Posted on June 15, 2024 by Rebekah Alegria

Eleven finance majors from the Carlos Alvarez College of Business Investment Society embarked on an enriching eight-day journey to Costa Rica to uplift the community through financial education and community service.
UTSA Alvarez finance students in Costa Rica, 2024.

UTSA Alvarez finance students in Costa Rica, 2024.

The trip was led by Ron Sweet, MBA ’91, associate professor of practice in finance and advisor of the group. This year’s trip marked the 10th anniversary of Alvarez students partnering with Indigenous Community Development International (ICDI), a charity founded by Sweet to participate in this project. ICDI aims to uplift impoverished areas of Costa Rica through a multitude of initiatives including healthcare services, educational programs and microlending. 

Participating students included Arnas Budreckis, Alec Chavez-George, Sebastian Gallegos, Cody Houston, Adrian Porras, Victor Rodriguez, Juan Carlos Sanchez, Larissa Valdez, Humberto Villarreal, Luke Yunger and Laura Zuniga-Flores. First the students hosted a two-day finance training workshop for local microloan recipients. Topics covered effective data collection and the separation of business from personal finances. 

Porras shared, "The people of Costa Rica are engaged and willing to take action to better their futures and that of their families and country. The courses opened their eyes to new possibilities and the potential to achieve real progress and results."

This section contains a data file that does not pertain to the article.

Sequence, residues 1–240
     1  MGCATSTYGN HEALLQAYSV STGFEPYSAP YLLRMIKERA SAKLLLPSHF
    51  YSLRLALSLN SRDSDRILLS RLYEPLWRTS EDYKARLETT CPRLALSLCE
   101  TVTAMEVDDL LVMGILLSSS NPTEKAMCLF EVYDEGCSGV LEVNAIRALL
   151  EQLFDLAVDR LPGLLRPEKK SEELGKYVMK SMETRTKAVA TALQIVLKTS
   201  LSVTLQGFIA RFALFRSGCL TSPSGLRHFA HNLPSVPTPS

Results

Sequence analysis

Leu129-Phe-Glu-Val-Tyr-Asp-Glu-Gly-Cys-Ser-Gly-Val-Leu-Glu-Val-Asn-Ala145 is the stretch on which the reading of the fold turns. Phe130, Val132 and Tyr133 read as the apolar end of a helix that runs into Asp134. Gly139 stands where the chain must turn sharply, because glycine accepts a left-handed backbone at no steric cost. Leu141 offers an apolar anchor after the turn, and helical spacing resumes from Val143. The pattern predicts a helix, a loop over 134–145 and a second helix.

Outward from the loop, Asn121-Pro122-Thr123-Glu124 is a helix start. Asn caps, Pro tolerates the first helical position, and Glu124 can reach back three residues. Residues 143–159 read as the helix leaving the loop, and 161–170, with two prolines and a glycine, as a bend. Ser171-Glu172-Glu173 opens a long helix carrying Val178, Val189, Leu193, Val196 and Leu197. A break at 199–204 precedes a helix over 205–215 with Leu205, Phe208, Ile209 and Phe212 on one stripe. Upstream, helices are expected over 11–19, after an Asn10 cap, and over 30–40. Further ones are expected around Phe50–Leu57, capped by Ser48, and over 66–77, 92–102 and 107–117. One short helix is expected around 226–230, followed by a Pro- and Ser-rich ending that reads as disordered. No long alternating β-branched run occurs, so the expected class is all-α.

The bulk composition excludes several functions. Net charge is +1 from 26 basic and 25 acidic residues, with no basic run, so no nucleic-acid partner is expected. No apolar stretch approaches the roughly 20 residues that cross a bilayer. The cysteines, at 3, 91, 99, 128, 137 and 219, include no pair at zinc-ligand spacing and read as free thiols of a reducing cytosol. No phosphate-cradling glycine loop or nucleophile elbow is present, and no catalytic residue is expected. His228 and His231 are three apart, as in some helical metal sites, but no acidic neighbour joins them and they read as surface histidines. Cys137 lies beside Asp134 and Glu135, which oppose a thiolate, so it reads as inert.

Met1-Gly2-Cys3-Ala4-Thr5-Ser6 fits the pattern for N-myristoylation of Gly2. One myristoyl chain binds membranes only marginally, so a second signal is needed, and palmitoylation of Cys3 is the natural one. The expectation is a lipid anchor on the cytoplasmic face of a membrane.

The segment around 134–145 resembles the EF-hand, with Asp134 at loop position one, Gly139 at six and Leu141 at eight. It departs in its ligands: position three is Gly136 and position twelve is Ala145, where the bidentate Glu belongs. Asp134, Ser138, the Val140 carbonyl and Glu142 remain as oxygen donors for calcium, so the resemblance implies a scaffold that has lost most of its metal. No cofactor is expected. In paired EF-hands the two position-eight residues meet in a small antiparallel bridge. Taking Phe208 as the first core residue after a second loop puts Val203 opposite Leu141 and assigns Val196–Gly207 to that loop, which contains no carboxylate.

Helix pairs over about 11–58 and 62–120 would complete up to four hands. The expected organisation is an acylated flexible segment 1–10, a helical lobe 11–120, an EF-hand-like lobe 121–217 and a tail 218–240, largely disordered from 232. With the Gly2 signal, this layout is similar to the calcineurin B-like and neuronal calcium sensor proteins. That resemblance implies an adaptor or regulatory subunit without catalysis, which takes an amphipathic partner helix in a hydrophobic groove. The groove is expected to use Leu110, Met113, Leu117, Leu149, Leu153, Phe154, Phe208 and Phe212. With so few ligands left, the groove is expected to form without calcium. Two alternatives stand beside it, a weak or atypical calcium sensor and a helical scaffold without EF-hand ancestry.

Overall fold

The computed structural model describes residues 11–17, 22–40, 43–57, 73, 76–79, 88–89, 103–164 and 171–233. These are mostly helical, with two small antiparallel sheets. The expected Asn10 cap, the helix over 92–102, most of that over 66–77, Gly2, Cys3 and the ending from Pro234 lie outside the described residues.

Following the workshop, students offered personalized financial consultations. "Being in an environment like Costa Rica changed my perspective on why we do finance. It’s not just about profit and wealth; it’s about helping people and their communities build a better future," reflected Villarreal.  

He added, "One of the biggest challenges was the language barrier, but with enough practice, and a translator, I was able to effectively explain financial terms and concepts to clients." 

The group also visited microloan recipients on their farms, observing how these small businesses managed everything from cattle farming to banana production. Chavez-George remarked, "I arrived in Costa Rica with bright eyes, but not knowing what to expect. I left with new financial advising experience, appreciation for the locals and all they have taught me and amazing memories to boot." 

During a community carnival organized by the students, Sanchez noted a local saying, Coyol quebrado, coyol comido. “This means that a person spends what they make without saving for the future, which is common to most, if not all partners we met." 

Highlighting the trip's community impact, Sweet remarked, “It's heartening to see our students apply their classroom knowledge in real-world settings and make a substantial difference in these communities.” 

The excursion also included visits to ICDI’s medical and dental clinics that serve the local and indigenous Cabecar populations, providing students with a broader perspective on sustainable business practices in healthcare. The trip concluded with a presentation by the students to the microloan recipients, expressing their awe and inspiration drawn from the week's experiences. Each recipient was gifted a UTSA T-shirt, symbolizing the lasting connection between the university and the community. 

The trip was supported by the college as well as the Carlos & Malú Alvarez International Fund.  

The Investment Society student organization provides students with the opportunity to further their industry knowledge, expand their professional network and pursue a career in high finance. 

— Rebekah Alegria